The United Macedonian Diaspora (UMD) expresses its genuine concern about the delay in the procurement of COVID-19 vaccines for Macedonia. The country is yet to formally secure a single dose of COVID-19 vaccine for its population of over 2.1 million people.
Macedonia is hoping to receive 840,000 vaccine doses this month under a scheme led by the World Health Organization to assist poorer countries. In addition, it is relying on handouts from other countries, such as the donation of 8,000 vaccine doses received from Serbia. Some vaccines are also expected to arrive in Macedonia later in 2021 through the European Union. Zoran Zaev’s government has asked neighbors Albania, Bulgaria, Greece, and Serbia for assistance, along with Poland and Hungary.
Last year, UMD donated $50,000 through its Generation M Together from Home campaign to support the development of COVID-19 clinics, with a further $50,000 in the works for the first quarter of 2021. UMD members with medical backgrounds have offered support to Macedonian institutions. Much work needs to be done, but the Macedonian government continues to fall short of its responsibility to strategically plan to source and rollout vaccine doses to its citizens.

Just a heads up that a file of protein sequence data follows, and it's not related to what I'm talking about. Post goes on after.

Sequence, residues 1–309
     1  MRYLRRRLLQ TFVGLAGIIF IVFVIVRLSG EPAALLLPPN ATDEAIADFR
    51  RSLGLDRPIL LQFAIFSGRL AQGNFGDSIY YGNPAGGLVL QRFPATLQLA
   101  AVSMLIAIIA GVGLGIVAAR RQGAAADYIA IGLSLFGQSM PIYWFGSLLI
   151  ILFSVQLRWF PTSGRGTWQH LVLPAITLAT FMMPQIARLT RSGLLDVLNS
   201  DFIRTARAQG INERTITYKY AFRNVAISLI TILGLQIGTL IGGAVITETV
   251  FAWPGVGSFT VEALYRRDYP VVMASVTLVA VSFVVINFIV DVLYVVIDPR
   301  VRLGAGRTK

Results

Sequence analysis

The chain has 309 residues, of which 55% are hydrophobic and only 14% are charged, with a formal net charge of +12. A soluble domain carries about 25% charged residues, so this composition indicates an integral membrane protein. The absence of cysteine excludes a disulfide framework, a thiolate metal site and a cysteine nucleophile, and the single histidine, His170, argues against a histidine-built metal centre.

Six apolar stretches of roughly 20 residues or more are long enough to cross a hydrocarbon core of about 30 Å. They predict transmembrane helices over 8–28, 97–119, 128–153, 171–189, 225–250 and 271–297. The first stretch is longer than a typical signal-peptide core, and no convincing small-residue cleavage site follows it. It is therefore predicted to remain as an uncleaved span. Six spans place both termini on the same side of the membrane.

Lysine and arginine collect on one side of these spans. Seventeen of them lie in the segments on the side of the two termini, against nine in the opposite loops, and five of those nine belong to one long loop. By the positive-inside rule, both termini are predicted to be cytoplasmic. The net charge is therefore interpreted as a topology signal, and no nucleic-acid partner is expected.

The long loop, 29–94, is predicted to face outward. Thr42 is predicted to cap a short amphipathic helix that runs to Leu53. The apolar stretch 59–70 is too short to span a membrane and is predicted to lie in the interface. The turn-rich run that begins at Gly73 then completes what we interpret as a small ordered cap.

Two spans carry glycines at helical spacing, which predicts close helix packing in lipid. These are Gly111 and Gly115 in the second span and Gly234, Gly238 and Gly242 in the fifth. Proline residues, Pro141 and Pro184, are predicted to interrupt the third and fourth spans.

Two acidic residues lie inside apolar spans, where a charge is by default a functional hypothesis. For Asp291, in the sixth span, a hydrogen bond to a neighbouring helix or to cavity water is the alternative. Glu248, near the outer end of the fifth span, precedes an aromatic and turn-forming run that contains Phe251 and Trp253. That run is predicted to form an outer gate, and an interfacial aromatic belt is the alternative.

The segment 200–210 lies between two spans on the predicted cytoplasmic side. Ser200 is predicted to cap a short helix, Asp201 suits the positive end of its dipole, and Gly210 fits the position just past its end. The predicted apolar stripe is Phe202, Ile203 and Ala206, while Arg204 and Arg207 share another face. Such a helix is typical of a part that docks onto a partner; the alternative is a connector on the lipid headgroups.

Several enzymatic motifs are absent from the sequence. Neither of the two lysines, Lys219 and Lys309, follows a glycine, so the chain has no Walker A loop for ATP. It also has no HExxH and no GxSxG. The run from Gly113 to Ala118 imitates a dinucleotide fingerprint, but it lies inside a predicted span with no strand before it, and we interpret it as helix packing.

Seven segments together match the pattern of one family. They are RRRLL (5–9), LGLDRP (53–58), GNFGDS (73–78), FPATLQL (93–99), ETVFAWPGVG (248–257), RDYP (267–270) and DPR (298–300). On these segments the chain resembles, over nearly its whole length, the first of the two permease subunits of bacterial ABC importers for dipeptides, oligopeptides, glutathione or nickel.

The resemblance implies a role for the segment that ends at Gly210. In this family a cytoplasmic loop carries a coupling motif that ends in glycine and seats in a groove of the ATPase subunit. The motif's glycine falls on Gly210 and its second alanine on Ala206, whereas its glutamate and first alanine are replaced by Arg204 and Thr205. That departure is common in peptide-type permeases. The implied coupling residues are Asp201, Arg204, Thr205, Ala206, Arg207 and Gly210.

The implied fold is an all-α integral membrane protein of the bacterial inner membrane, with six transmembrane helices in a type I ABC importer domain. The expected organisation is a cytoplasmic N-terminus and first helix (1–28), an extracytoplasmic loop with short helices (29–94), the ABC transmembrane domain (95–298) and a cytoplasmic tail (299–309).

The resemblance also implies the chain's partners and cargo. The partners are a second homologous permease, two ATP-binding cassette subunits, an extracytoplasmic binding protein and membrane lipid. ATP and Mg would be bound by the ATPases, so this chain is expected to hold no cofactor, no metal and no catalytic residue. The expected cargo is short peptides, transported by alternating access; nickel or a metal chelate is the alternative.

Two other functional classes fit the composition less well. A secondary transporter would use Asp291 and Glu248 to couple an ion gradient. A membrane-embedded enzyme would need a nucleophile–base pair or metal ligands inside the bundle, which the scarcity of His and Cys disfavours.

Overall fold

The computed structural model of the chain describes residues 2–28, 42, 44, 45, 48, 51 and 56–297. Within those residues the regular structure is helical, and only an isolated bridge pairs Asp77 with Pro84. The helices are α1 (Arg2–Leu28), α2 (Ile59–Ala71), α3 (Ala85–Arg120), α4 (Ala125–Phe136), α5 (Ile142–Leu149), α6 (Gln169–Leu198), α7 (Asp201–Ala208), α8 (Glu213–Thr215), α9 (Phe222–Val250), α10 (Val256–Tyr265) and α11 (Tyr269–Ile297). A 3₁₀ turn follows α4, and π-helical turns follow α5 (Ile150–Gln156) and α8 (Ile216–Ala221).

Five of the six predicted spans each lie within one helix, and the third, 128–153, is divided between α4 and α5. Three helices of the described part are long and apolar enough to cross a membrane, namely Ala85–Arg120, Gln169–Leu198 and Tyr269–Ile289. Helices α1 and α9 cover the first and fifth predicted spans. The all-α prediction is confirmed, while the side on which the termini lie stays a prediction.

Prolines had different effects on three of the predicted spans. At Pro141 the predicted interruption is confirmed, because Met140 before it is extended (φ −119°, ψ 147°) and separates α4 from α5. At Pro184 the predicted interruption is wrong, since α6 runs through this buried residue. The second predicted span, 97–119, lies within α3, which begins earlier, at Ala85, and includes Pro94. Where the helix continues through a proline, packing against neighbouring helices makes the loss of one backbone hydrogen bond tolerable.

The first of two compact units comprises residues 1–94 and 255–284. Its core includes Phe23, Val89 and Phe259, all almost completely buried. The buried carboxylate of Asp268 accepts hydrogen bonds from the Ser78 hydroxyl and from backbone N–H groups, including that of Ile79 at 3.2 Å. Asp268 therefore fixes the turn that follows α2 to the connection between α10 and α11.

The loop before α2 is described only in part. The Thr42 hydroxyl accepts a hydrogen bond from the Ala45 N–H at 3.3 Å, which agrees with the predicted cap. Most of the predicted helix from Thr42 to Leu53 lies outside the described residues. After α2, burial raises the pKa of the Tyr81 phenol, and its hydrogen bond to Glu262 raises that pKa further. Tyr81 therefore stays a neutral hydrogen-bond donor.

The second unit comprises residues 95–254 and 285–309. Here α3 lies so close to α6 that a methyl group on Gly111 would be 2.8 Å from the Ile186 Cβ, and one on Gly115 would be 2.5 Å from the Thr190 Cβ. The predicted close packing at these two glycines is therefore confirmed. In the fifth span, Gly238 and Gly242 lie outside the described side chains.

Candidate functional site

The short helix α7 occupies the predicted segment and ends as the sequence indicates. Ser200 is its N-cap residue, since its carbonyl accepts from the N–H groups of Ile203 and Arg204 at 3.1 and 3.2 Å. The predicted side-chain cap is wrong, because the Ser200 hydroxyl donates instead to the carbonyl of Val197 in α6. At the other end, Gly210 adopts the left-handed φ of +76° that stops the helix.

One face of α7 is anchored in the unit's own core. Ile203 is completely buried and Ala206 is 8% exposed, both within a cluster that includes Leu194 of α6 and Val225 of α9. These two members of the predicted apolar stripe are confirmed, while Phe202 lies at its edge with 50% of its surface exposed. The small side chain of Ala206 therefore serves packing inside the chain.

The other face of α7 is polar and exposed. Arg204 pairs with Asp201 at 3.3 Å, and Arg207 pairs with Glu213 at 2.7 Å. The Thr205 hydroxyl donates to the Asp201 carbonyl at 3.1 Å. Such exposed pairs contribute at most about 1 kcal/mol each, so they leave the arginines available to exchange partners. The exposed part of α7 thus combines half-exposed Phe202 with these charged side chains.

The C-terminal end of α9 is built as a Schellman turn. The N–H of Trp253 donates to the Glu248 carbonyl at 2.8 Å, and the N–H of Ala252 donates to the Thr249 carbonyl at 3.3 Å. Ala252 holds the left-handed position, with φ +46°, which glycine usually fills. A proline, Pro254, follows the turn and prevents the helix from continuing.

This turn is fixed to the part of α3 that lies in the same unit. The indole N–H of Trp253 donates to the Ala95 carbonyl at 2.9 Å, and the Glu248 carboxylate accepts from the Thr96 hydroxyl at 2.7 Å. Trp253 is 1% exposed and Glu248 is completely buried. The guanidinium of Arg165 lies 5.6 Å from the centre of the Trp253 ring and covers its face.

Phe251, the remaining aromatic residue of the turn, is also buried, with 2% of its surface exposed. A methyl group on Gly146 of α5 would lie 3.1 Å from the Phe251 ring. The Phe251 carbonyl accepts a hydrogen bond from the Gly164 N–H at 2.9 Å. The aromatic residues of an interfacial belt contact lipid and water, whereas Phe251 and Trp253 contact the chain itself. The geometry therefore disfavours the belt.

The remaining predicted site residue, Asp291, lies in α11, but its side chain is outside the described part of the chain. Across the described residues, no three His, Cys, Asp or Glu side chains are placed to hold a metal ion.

Stojan Nikolov, UMD Chairman, said:
“Every country has been struggling with COVID-19. What is clear is that those now seeing an upward turn, have had a comprehensive strategy in place for some months. A key component of this is ensuring a delivery and vaccination program to beat COVID-19.
“The situation in Macedonia is deeply disconcerting. With skyrocketing death rates, serious questions should be asked about how the situation in Macedonia has been allowed to lag so far behind the rest of Europe.
“As a global advocacy group, UMD has been working with partners across the world. We have seen firsthand the different responses to the COVID-19 pandemic. It is disappointing that Macedonia, through inept leadership and lack of strategy, is at the bottom of the list.
“Infinitely more needs to be done to save and protect lives. That begins with a transparent acknowledgment of failures to date, and a clear and prioritized plan of action going forward.”